The US Army Corps of Engineers on Tuesday said it will approve a permit to allow for the completion of the controversial Dakota Access pipeline. "The discord we have seen regarding the Dakota Access Pipeline doesn't serve the tribe, the company, the corps or any of the other stakeholders involved".
The portion of the DAPL under Lake Oahe is the missing piece of the 1,200-mile pipeline that would carry crude from North Dakota through Iowa to IL.
Protesters hold signs during a rally against plans to pass the Dakota Access pipeline near the Standing Rock Indian Reservation, near Cannon Ball, N.D., on November 18, 2016.
A march to protest President Donald Trump's decision to move forward with the Dakota Access Pipeline kicked off in downtown L.A.'s Pershing Square Sunday.
"Today, the Army Corps of Engineers announced that it has finished its review of the Dakota Access Pipeline project and intends to grant an easement no earlier than tomorrow afternoon".
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Energy Transfer Partners has argued that it's safer to carry the crude oil from North Dakota to IL through its $3.8-billion pipeline than on trucks and trains.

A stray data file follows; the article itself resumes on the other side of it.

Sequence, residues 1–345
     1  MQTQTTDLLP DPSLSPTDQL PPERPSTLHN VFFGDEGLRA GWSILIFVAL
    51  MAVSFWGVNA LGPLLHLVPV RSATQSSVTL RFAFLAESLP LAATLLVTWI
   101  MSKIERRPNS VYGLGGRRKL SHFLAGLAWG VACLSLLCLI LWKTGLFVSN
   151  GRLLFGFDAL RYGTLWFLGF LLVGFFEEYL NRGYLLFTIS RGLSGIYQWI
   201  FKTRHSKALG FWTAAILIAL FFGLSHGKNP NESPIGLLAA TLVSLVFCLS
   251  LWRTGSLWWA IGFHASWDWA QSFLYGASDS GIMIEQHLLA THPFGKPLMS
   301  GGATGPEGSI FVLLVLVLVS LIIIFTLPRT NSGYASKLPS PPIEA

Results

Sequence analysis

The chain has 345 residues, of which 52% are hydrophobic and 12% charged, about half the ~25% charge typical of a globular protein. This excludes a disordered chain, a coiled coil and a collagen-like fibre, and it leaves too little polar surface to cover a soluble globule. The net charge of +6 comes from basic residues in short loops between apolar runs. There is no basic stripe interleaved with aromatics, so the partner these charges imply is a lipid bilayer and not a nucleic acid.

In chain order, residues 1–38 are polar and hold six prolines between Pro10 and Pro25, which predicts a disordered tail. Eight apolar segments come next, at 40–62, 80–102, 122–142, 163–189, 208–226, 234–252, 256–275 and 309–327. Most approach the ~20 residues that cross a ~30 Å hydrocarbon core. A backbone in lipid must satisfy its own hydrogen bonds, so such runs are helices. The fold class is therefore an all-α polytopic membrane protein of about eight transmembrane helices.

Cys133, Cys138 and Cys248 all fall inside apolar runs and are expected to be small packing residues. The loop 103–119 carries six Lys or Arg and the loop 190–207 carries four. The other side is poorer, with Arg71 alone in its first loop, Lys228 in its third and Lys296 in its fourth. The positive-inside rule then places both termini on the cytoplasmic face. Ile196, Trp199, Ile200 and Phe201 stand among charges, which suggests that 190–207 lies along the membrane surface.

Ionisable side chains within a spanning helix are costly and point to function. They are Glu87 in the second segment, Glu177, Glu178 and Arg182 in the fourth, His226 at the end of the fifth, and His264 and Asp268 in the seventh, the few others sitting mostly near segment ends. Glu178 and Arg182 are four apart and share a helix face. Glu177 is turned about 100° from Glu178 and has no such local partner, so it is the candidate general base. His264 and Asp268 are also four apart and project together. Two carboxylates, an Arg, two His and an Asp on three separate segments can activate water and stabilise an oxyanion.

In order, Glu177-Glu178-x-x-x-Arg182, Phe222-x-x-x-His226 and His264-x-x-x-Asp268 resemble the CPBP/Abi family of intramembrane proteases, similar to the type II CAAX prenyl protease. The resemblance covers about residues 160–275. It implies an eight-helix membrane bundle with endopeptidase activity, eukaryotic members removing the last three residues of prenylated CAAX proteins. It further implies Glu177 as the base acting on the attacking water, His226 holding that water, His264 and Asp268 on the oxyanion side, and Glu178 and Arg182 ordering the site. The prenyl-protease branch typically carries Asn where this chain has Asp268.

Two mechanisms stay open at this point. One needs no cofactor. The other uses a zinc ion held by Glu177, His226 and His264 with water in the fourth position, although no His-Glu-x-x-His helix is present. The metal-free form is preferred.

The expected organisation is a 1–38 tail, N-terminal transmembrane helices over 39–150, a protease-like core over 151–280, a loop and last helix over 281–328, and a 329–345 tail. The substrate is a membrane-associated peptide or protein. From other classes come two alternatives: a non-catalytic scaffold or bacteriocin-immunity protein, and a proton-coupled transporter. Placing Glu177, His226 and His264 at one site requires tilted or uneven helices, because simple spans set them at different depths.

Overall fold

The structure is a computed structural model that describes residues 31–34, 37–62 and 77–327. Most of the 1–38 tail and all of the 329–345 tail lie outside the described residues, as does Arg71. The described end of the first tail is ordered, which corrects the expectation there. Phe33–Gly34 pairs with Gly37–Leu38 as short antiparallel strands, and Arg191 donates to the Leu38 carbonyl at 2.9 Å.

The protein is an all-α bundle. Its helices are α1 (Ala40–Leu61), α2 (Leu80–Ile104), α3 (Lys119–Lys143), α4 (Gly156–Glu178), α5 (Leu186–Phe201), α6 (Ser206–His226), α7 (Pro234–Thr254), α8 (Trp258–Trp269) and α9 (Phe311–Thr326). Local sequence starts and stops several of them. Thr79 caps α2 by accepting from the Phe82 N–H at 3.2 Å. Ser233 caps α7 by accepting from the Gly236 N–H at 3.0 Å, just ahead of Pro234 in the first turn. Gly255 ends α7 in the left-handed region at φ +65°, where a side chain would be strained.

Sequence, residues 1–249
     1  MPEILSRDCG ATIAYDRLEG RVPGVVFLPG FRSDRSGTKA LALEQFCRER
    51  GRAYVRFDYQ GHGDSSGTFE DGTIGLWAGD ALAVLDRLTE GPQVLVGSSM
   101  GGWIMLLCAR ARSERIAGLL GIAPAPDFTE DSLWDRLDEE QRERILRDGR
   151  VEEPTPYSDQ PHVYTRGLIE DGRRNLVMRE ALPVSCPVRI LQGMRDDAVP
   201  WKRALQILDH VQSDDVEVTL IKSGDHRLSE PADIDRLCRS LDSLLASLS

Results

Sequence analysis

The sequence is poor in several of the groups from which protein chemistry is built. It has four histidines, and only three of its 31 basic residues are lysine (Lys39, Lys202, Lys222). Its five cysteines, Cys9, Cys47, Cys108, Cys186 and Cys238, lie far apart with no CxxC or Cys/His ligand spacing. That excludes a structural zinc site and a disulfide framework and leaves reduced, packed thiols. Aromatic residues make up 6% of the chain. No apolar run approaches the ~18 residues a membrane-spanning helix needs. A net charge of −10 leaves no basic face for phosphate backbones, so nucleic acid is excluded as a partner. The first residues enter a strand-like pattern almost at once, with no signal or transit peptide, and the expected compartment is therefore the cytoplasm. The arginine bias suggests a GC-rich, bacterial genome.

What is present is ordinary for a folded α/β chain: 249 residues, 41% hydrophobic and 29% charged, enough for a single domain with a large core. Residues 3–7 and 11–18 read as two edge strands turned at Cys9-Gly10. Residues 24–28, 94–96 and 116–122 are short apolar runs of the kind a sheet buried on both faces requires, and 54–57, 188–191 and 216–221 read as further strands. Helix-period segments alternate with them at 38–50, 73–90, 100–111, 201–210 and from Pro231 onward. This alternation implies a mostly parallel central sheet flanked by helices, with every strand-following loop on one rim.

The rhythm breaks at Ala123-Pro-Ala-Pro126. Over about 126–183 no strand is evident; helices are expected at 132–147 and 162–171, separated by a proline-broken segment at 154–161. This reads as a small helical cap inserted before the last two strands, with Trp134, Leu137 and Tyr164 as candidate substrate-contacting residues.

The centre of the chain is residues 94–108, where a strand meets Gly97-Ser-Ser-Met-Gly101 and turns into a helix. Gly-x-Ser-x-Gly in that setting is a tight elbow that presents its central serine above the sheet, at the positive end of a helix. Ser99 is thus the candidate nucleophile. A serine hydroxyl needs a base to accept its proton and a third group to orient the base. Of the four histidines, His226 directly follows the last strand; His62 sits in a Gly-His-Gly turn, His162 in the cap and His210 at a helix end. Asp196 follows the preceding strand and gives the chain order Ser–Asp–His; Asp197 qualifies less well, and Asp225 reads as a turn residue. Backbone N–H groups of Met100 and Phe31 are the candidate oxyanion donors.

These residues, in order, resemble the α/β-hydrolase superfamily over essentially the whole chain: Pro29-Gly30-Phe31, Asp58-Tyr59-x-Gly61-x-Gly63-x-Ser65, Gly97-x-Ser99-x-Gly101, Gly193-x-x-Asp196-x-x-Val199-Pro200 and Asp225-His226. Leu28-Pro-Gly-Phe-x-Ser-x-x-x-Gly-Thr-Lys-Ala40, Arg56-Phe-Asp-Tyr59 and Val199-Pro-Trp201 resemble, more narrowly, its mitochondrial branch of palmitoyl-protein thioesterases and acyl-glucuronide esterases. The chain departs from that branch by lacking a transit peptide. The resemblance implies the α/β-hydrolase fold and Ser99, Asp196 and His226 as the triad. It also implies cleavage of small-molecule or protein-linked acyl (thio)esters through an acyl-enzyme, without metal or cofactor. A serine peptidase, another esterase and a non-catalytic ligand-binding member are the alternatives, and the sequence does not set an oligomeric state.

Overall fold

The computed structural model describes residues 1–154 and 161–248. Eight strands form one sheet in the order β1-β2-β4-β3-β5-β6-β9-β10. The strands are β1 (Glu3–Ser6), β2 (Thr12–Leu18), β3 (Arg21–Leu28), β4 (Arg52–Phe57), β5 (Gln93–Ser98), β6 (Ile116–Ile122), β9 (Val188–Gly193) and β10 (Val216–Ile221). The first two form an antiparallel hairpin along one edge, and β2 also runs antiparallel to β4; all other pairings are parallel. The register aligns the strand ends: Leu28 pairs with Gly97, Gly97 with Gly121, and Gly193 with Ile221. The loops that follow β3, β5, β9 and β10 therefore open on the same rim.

In January, the Department of the Army, withholding the final easement necessary for construction beneath the lake, initiated an Environmental Impact Statement, which Energy Transfer failed to block in court. Trump took office promising to favor oil and natural gas developments as well as support new infrastructure, which has included reviving TransCanada Corp.'s Keystone XL pipeline. Between 2015 and 2016, the company was found to be responsible for 35 pipeline spills that caused a reported $300,000.
The Obama administration then called for a halt on construction and a more thorough environmental review.
The pipeline has become a focal point of protests against the final stage of the project, which is opposed by the Sioux at Standing Rock tribe, stemming from fears of damage to Lake Oahe, next to their reservation.
Tribal attorney Jan (yahn) Hasselman says the government "will be held accountable in court".